The U.S. House of Representatives failed to pass a new 5-year Farm Bill last week. The bill was defeated by a vote of 195 to 234 on June 20, and failed to muster enough support from Democrats and Republicans concerned over the size of the proposed cuts to the country's popular food stamp program.
The defeat sets the stage for an uphill battle in Congress to try to deliver a new farm bill before the current one expires September 30. Top leaders on both sides of the aisle quickly engaged in finger-pointing. Republicans say House Minority Leader Nancy Pelosi failed to deliver the Democrat votes she promised, while Democrats pin the blame on the GOP for its inability to bring enough support from the more than 60 members within its own party who opposed the bill.
Iowa Representative Bruce Braley, one of the few Democrats to support the bill, says he's angry and frustrated that members of the House failed to recognize the importance of passing a bill to support farmers and rural America. "While this farm bill was far from perfect, the best way to fix its flaws is to work together to find common ground, not reject it entirely and start from nothing," he says. Iowa's other three representatives in the U.S. House also voted for the bill.
Disagreement on $2 billion proposed cut in food stamps has Democrats and Republicans at odds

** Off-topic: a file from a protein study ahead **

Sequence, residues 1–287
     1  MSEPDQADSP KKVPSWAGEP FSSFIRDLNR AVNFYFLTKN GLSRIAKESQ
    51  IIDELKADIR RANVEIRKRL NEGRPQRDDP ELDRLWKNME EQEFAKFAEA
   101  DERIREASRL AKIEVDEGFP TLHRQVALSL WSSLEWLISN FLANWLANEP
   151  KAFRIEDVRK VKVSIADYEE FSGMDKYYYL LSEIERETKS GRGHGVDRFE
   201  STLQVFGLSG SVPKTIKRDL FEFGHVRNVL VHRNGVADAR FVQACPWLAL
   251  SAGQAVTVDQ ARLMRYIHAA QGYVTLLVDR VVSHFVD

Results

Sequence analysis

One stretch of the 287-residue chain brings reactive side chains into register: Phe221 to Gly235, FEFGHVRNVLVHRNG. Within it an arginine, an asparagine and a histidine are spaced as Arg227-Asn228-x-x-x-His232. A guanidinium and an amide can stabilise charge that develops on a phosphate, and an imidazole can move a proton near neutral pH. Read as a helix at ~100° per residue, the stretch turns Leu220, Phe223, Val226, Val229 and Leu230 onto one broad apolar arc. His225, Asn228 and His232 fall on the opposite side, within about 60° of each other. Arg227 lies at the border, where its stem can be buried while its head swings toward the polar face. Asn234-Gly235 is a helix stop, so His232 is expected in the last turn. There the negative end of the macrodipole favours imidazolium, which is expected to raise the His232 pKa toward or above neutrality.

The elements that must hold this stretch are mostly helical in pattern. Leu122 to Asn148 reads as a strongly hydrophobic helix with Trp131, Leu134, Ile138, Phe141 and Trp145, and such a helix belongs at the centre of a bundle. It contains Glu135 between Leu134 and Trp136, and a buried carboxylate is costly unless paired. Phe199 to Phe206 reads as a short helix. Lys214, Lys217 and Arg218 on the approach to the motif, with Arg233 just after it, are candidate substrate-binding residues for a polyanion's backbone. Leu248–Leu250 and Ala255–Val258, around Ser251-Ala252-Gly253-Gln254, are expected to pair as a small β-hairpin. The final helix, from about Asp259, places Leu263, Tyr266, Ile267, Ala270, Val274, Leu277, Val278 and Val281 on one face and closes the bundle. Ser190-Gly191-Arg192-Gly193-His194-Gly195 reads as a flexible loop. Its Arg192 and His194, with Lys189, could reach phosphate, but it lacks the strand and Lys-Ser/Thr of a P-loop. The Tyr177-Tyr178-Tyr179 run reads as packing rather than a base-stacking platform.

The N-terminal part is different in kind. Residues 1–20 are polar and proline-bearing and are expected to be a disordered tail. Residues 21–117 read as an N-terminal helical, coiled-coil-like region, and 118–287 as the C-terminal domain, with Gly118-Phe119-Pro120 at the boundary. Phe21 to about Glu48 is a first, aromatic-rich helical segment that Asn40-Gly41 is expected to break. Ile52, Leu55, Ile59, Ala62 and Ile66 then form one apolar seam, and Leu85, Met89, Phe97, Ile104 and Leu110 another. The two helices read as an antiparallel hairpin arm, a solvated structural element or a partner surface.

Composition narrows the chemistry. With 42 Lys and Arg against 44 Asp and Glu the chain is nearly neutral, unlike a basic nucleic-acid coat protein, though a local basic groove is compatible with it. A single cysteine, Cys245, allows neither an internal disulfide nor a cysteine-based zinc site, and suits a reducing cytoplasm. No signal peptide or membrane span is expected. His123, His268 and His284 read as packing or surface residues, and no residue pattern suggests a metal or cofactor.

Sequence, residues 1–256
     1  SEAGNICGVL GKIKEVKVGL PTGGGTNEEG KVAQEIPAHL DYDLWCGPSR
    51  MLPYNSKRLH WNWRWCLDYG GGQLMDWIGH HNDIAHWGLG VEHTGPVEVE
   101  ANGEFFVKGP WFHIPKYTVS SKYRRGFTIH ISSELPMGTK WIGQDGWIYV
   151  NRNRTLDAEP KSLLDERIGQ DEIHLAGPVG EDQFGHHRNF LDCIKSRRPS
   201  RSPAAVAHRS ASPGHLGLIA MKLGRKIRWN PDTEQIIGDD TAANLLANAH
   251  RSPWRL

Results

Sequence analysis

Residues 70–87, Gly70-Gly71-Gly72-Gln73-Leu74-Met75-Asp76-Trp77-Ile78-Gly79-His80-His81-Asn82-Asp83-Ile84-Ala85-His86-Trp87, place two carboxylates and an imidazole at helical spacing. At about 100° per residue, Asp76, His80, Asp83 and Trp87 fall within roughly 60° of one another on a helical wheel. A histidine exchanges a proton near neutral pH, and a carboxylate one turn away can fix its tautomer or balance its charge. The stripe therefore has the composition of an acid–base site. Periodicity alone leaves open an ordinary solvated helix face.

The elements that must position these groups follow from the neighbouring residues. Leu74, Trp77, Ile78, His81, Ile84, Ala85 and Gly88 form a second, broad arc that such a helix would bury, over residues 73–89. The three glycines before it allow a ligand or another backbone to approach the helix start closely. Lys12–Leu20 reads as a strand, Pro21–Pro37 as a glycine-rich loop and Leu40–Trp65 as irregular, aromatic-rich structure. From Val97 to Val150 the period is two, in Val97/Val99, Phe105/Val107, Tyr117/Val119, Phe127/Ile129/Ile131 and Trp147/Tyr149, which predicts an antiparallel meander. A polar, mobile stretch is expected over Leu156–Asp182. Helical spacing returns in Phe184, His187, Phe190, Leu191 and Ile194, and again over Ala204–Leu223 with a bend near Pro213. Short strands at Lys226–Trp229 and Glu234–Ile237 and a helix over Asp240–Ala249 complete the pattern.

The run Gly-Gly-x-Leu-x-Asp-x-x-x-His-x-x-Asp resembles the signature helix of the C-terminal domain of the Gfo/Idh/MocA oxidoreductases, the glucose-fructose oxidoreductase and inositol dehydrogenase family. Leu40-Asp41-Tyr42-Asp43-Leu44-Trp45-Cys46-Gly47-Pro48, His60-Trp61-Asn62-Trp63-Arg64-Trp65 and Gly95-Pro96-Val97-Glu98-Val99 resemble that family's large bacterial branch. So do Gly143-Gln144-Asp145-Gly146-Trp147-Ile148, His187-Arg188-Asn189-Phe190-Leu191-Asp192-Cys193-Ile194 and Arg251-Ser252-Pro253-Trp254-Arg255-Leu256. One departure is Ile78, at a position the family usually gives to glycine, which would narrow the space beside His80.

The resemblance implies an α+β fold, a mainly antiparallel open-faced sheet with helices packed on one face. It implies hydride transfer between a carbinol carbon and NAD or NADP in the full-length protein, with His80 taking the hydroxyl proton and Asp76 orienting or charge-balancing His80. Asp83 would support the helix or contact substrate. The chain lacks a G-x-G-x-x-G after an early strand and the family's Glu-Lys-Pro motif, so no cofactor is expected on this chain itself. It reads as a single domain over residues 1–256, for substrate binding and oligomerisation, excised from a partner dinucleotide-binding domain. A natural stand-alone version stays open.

The Senate bill would collectively reduce spending by about $2.4 billion annually, compared with $3.8 billion in the failed House bill. Almost half the savings in the House bill would have come from a reduction in food stamp spending, the first major overhaul to that program since 1996. The food stamp program is now called SNAP—the Supplemental Nutrition Assistance Program.~~~PAGE_BREAK_HERE~~~
The Senate and House bills were similar when it comes to farm policy issues, with both bills streamlining conservation programs, expanding the federally subsidized crop insurance program, and slashing subsidy payments to farmers—including the elimination of the $5 billion a year in direct payments paid to farmers. In a bid to help Southern farmers who depend on direct payments, each bill would set higher support prices for rice and peanut farmers, meaning growers would see those subsidy payments kick in sooner. But the divide between the House and Senate on food stamps will likely continue to be a sticking point in determining whether the farm bill passes.
Farm groups express disappointment at House bill's defeat, which leaves them struggling to plan ahead without knowing what U.S. agricultural policy will be
U.S. Agriculture Secretary Tom Vilsack, a former governor of Iowa, released this statement about the defeat of the U.S. House version of a Food, Farm and Jobs Bill:
"The failure by the House leadership, for the second year in a row, to reach consensus on a Food, Farm and Jobs Bill is a tremendous disappointment for all Americans. Twice now, the U.S. Senate has done its job and passed balanced, comprehensive legislation with overwhelming bipartisan support. Unfortunately, the House version of this bill would have unfairly denied food assistance for millions of struggling families and their children, while failing to achieve needed reforms or critical investments to continue economic consensus."